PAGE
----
George Russell: Yeah, 100%. Growing up as a young karter you always look towards Formula 1 and Fernando was in his prime at that time and always fighting for championships, so as Lewis said, the sport is going to miss him, but he is a fantastic driver.
Q: Fernando, you've said you're not in the mood for reflections but what do you feel is your legacy?
FA: I don't know really. I think it's difficult to say in the first person. I think I've been trying to do my best all the time here, fighting against anything or circumstance that may put some stress or put other people down. I was trying always to give my best and somehow working with the kids and the karting school, the museum, trying to do a lot of things with the fans and the young generation, trying to help them, if I can, with the knowledge I've had all these years and with facilities or something that I probably didn't have at my time and if they have the dreams and the talent, try to help them.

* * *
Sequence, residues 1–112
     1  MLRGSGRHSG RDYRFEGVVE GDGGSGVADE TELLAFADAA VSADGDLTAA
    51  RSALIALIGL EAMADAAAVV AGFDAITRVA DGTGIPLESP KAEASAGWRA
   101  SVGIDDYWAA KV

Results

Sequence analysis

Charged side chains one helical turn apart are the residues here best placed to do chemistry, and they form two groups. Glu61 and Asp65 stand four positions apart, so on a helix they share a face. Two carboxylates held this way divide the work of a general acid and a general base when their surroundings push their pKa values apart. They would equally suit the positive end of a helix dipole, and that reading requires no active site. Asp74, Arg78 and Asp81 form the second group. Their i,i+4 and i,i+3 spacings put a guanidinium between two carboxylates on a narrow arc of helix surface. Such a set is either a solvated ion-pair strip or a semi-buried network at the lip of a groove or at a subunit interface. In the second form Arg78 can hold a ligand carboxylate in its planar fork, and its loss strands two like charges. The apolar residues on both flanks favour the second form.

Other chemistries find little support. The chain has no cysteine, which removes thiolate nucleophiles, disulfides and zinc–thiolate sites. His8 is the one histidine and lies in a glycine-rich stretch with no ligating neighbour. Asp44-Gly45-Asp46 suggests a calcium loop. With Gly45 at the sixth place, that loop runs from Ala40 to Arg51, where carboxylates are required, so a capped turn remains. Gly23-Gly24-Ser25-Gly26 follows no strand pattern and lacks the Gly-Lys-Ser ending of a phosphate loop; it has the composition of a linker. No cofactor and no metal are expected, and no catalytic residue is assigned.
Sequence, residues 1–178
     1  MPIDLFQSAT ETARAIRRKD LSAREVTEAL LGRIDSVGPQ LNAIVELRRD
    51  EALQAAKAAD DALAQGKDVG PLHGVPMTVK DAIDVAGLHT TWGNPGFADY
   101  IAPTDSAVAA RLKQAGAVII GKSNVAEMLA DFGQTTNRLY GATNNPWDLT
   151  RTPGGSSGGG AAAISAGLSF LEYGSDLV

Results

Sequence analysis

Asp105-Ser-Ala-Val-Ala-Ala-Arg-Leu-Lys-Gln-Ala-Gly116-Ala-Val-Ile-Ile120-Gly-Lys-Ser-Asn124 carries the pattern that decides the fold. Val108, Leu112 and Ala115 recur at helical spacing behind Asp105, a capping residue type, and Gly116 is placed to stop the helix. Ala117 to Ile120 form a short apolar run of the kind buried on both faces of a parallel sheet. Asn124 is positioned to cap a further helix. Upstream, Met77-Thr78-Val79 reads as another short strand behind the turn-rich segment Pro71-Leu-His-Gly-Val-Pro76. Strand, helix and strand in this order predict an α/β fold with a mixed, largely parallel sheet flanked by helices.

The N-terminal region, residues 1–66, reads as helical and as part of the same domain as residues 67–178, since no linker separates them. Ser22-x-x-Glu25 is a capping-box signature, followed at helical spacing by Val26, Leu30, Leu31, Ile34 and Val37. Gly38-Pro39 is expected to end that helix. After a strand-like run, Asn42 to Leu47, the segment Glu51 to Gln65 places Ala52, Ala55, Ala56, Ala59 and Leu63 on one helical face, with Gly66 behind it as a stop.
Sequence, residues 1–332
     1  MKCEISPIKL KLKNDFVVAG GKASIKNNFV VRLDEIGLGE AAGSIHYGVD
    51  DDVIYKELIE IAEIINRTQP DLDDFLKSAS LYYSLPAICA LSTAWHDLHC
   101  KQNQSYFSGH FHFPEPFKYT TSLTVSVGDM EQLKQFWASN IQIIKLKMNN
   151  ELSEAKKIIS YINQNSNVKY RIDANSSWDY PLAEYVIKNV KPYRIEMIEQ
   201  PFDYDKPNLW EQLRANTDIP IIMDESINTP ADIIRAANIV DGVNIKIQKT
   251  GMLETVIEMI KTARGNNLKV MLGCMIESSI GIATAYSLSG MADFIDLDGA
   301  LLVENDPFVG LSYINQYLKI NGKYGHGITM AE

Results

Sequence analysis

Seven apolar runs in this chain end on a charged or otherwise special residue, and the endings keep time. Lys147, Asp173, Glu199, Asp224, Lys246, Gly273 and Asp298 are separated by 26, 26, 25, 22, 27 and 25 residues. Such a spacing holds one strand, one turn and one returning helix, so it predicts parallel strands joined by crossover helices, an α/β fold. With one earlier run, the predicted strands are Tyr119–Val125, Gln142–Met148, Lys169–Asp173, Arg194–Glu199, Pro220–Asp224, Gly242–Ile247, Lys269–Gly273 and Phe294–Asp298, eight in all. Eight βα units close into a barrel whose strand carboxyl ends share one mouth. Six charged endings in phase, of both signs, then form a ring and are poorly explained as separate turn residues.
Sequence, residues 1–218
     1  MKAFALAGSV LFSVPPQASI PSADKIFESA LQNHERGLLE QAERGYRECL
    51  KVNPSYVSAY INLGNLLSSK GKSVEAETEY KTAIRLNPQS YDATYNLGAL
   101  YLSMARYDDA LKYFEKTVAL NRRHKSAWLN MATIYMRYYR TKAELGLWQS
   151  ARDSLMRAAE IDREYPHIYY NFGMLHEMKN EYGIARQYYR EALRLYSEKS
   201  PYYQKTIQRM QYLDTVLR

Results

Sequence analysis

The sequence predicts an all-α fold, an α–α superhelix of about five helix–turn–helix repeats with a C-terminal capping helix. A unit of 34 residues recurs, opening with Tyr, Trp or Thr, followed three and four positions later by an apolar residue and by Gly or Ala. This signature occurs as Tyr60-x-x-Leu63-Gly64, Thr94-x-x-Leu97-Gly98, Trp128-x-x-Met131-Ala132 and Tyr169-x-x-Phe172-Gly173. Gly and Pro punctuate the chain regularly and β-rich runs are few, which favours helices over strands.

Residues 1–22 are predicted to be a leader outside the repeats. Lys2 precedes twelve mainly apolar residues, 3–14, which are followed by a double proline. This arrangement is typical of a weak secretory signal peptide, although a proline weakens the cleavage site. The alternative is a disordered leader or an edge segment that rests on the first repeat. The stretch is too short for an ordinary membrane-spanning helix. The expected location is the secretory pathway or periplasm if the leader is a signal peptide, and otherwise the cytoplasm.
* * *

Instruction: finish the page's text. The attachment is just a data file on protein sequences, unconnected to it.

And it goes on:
Q: Thank you Fernando, good luck this weekend. Lewis, you've been a five-time champion for nigh on four weeks now. In terms of the championships you've won, where does 2018 rank?
LH: I don't know, hopefully somewhere around the top. I've not really thought about it too much, to be honest. I've been focusing on trying to finish off the season strong. But it does feel... you know me, I don't have a great memory, but it does feel like one of the best years that I can remember, competition-wise and competitive-wise, in terms of performances.
Q: Thank you, good luck for the weekend ahead. Lando, coming back to you. As we've already said, a McLaren driver in 2019. Can you just paint a little picture for us about the preparations that are going to go on between now and Melbourne in March?